The eleventh studio album by progressive rock band Pink Floyd, released in 1979, is a concept album, like the previous three albums released by Pink Floyd. The album is about a character named Pink. His father was killed during World War II. He was oppressed by his mother. He had abusive teachers. All of these events are "bricks in the wall." As Pink becomes a rock star, his marriage crumbles, and he deals with drug abuse. Once the wall is complete, Pink is isolated from humanity.
With 26 tracks, you'd expect there to be some filler, and there is. There are also a few tracks that stand out, and are much better than the rest (Another Brick In The Wall, Comfortably Numb, Hey You, Mother, etc.). Many tracks could have easily been left off the album, musically, but because of the concept, some of the tracks are needed. Almost all of the songs on the wall segue into the next track, so some tracks seem to blend together. The Wall is pretty much one 81-minute song broken up into 26 parts. The more I think about it, the more sane it seems. The Wall really could have been released as a Thick as a Brick, epic, one gargantuan song album.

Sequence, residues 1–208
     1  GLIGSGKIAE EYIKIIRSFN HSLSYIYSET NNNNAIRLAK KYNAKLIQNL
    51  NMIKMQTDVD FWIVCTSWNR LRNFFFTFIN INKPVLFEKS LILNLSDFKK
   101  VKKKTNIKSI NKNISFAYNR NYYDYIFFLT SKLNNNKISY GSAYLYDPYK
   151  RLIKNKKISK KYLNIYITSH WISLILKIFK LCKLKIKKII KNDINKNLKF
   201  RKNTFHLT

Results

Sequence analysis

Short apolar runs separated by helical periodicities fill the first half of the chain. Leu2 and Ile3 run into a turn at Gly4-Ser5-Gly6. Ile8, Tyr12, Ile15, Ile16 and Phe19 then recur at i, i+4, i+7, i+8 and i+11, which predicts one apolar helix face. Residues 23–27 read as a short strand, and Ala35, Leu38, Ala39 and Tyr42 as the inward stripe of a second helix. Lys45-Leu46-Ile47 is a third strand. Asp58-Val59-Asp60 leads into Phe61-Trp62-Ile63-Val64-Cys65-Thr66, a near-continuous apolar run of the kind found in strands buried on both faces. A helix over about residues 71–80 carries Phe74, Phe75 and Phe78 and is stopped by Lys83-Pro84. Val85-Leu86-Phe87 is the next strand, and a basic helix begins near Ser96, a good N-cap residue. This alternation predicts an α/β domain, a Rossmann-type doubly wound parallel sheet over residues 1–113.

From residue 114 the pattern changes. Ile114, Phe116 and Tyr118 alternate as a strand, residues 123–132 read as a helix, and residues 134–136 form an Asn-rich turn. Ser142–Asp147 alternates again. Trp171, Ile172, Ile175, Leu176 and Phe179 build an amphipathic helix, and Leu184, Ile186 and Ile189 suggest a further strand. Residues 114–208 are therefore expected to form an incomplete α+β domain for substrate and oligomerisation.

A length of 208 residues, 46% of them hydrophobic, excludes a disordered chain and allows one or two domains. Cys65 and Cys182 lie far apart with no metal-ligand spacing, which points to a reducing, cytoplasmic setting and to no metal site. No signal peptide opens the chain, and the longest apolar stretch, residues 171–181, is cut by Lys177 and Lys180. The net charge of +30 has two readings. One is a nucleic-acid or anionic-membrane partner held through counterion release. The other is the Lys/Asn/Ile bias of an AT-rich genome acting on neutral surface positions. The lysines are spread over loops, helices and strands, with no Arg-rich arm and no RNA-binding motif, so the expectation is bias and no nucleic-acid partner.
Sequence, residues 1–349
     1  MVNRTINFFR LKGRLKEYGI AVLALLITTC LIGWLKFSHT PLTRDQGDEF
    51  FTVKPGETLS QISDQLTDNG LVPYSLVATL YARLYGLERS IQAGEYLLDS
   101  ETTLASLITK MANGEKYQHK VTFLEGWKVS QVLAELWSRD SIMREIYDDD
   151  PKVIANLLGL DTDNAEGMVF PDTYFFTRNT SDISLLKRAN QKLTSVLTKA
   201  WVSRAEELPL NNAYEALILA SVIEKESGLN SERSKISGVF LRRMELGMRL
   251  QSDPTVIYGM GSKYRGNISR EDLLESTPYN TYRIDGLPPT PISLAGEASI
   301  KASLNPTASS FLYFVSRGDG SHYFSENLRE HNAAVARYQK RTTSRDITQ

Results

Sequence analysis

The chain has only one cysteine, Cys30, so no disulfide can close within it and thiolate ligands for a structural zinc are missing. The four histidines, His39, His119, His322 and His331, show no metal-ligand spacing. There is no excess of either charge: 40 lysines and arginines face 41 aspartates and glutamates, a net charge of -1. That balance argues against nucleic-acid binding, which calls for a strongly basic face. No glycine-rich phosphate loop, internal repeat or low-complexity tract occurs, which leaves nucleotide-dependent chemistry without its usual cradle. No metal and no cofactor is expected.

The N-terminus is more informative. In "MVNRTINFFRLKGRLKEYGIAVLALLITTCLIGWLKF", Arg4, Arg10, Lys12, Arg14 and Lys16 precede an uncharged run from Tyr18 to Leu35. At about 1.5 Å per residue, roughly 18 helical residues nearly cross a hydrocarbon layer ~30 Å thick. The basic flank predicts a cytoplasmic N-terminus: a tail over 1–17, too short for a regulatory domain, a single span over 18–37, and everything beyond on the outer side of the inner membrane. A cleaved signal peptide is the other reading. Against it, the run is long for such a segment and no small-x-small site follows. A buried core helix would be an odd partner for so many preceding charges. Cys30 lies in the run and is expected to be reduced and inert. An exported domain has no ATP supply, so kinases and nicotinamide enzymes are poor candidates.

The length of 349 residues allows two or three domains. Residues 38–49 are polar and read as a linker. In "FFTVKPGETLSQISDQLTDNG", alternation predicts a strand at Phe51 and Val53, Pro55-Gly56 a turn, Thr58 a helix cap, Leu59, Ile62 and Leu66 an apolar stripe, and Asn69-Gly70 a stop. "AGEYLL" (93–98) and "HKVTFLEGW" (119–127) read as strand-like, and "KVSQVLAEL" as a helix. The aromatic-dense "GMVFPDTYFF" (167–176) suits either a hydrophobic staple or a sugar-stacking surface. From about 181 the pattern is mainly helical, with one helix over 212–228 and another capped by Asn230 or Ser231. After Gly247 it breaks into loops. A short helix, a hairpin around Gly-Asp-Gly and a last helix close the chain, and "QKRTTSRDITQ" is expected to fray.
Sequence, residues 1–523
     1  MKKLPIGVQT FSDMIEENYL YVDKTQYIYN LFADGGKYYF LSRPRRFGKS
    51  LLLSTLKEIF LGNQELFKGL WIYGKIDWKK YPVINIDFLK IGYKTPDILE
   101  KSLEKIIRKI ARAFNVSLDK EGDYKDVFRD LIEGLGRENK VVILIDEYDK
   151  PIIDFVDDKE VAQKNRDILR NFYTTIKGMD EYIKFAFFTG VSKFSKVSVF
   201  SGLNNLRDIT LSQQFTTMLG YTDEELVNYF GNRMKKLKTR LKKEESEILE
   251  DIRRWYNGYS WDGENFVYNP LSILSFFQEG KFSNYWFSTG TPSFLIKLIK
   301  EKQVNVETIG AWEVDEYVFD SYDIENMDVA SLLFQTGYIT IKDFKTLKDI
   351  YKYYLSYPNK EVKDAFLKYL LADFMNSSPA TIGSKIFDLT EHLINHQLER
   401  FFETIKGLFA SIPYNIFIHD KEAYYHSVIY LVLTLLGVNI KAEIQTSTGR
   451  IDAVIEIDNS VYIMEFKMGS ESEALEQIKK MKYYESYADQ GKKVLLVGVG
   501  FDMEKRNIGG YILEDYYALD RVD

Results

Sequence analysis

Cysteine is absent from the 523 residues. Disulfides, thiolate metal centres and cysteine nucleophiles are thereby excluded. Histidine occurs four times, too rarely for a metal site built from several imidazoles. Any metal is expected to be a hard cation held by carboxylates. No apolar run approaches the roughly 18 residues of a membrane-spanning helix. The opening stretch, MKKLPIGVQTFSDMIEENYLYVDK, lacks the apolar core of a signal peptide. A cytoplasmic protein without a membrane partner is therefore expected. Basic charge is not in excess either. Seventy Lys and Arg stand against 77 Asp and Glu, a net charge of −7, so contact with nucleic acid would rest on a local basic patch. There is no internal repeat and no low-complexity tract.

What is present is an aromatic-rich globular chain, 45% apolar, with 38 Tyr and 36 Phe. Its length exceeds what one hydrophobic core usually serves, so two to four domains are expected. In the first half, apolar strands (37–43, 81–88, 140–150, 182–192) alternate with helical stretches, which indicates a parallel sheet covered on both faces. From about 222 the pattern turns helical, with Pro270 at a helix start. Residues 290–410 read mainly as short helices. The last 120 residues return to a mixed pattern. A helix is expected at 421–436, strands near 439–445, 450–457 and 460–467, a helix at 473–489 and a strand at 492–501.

There's a lot of experimentation on this album, with a lot of speech fragments and sound effects. Sonically, The Wall is very strong. The mood is a little erratic, but The Wall flows so well. The songs go hand in hand with one another.
There's one song I have to talk about on The Wall, and it's Comfortably Numb. It's definitely the best song on the album, and it serves as a sort of climax of the wall. It's the longest song, also. The verses are great, with very good lyrics, and the chorus soars. The best part of the song for me, though, is the solo/outro. It's one of the greatest solos I've heard. It's just so epic.
While it isn't Pink Floyd's best, it definitely has it's moments, and it's a cohesive piece of art. The concept is great and relevant, and it's a little experimental. The Wall's strongest moment, Comfortably Numb, is brilliant.
This album is Pink Floyd's last great album. It's a great, great piece of art, and it completes the tetralogy of the best albums put out by the best space rock band of all time.